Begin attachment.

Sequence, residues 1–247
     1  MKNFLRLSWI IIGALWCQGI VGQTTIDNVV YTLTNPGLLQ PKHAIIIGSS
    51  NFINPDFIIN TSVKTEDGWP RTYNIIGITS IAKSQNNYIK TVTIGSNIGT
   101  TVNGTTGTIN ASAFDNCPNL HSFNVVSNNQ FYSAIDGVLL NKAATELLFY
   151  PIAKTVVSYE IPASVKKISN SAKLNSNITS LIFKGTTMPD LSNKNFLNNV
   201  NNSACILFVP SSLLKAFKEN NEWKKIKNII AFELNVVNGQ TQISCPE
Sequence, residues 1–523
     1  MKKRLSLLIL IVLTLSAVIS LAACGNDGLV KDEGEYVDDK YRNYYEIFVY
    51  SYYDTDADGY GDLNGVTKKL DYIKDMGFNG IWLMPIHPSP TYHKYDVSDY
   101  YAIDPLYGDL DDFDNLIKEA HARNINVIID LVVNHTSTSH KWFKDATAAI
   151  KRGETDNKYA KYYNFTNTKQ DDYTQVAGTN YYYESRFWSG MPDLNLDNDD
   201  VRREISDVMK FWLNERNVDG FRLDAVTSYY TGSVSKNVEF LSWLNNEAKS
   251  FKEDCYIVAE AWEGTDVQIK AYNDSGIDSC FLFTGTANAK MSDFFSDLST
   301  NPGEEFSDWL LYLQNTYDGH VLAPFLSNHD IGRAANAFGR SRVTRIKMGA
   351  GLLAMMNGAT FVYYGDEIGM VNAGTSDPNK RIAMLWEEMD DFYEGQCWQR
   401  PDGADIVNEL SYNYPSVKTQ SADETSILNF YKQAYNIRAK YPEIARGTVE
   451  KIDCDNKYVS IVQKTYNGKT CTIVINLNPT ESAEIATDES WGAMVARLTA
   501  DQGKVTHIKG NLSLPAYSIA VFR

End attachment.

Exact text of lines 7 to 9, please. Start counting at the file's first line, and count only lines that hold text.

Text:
Sequence, residues 1–523
     1  MKKRLSLLIL IVLTLSAVIS LAACGNDGLV KDEGEYVDDK YRNYYEIFVY
    51  SYYDTDADGY GDLNGVTKKL DYIKDMGFNG IWLMPIHPSP TYHKYDVSDY